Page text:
Manufacturer works flat-out in lockdown to keep up with export demand
PUBLISHED: 05:00 02 May 2020
A Suffolk farm machinery maker says it is working at full capacity to keep up with “strong” UK and overseas demand amid the coronavirus crisis.
Claydon Drills, based at Wickhambrook, near Newmarket, manufactures a variety of equipment to get crops established, including its patented seed drills, which were conceived by the family firm’s founder, Jeff Claydon.
The company, which employs 47 people at its farm-based design, manufacturing, distribution and service centre, said around 80% of its machines are being exported to 35 countries, from Europe to New Zealand as the production line continues at pace. Three consignments headed to Germany in a single month.
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Over recent years, farmers have become increasingly concerned about the destructive effects of constant ploughing on their soils, and have turned more towards minimum tillage or no-tillage (no-till) regimes.
No-till involves killing off emerging weeds and shoots from last year’s crops using a variety of methods, then drilling seeds directly into the soils without using the more traditional method of ploughing the soil first.
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Jess – whose son, Spencer, runs the commercial team – came up with a drill design which he says enables farmers to produce consistently high-yielding crops at much lower cost than using the old methods. Many countries have adopted the technique, which means his drills continue to be in high demand.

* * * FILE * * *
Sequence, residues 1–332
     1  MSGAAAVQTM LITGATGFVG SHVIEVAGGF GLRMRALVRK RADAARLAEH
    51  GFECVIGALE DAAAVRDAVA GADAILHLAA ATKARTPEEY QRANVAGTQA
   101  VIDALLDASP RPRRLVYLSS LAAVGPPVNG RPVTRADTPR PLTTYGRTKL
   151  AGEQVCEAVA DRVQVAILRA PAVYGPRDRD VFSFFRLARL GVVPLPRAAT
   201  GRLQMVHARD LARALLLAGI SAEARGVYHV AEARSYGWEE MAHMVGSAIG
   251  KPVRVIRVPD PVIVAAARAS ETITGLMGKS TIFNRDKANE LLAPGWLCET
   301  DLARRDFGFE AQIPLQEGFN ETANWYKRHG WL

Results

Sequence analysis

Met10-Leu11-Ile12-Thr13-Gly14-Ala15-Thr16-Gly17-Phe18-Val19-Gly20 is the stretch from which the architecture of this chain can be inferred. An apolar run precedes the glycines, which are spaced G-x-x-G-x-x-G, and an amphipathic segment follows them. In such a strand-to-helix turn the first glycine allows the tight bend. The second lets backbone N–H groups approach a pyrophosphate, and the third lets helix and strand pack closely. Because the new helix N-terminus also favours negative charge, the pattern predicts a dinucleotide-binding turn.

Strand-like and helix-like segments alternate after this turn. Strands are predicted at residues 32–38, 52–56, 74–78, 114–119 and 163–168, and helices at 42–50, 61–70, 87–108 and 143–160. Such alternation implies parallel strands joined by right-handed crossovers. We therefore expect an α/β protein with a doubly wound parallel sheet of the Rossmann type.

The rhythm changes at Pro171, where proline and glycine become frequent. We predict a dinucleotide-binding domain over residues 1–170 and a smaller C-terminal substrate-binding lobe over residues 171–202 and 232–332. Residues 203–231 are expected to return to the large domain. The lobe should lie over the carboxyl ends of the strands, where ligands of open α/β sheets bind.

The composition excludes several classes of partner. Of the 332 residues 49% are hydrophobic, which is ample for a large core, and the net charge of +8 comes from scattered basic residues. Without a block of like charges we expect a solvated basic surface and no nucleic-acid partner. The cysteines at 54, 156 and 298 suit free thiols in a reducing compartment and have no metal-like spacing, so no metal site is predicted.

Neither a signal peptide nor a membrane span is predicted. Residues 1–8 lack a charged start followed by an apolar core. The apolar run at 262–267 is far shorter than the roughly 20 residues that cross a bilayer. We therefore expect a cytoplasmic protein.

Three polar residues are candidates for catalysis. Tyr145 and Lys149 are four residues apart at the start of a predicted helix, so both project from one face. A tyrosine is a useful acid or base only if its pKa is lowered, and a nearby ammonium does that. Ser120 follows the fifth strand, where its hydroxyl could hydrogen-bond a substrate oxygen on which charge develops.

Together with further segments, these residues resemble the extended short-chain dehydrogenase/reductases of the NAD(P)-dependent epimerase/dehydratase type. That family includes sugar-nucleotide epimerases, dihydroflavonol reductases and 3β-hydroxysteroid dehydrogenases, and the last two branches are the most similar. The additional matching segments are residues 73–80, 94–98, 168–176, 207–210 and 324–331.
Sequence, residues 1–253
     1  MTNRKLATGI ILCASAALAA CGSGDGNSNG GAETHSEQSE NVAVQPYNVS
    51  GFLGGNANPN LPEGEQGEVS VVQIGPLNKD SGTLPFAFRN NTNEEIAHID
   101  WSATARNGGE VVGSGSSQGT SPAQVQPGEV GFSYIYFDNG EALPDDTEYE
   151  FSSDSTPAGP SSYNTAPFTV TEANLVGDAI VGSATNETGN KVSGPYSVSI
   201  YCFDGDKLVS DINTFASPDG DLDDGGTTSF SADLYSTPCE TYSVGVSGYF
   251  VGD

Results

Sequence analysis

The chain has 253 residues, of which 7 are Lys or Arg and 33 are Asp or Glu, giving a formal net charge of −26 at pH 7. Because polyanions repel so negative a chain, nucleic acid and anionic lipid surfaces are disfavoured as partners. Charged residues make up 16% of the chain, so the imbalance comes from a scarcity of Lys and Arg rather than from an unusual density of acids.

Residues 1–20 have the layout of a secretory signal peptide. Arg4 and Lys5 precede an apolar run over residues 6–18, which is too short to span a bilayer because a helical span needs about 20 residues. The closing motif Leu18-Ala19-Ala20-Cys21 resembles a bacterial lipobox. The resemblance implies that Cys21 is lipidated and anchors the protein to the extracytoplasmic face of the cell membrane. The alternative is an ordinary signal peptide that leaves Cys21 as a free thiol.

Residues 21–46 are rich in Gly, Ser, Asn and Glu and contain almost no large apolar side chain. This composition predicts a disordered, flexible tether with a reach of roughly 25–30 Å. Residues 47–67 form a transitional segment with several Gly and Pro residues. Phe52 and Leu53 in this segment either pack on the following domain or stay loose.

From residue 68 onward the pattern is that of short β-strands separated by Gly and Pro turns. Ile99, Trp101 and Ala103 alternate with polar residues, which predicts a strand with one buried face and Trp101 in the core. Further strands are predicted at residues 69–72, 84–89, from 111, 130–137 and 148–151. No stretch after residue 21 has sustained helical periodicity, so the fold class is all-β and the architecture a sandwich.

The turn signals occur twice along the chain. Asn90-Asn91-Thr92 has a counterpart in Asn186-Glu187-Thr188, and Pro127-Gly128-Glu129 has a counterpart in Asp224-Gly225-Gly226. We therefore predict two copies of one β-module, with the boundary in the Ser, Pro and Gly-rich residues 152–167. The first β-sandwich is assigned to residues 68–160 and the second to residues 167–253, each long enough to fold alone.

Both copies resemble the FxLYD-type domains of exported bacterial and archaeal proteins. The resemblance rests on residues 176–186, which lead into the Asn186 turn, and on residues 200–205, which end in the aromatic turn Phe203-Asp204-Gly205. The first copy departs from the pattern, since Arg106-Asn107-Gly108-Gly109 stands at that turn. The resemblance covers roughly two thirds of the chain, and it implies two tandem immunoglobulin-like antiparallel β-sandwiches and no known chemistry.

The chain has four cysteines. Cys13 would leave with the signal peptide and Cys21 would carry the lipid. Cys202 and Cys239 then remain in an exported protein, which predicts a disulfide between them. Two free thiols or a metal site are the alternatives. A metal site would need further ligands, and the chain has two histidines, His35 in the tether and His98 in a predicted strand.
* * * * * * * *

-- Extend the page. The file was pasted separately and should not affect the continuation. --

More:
The company is also seeing demand for its harrows, rotary cultivators and inter-row hoes.
Many UK farmers were reassessing their methods due to recent weather challenges, said Jeff.
“The extremes of weather which affected all parts of the UK this season meant that many farming businesses which relied on conventional, min-till or zero till establishment systems were unable to drill their planned acreage of autumn-sown crops because of persistent wet weather which left fields impossible to work and waterlogged,” he said.
“This spring, weather conditions have been exactly the opposite and many soils have dried out completely due to the lack of rain, so even where crops have been sown some have failed to germinate or their growth has been restricted, which will ultimately reduce crop performance.
“The combination of a shortfall in plantings and below-average yields could mean that the UK will have to rely more heavily on imports to meet its requirements later in the year.”
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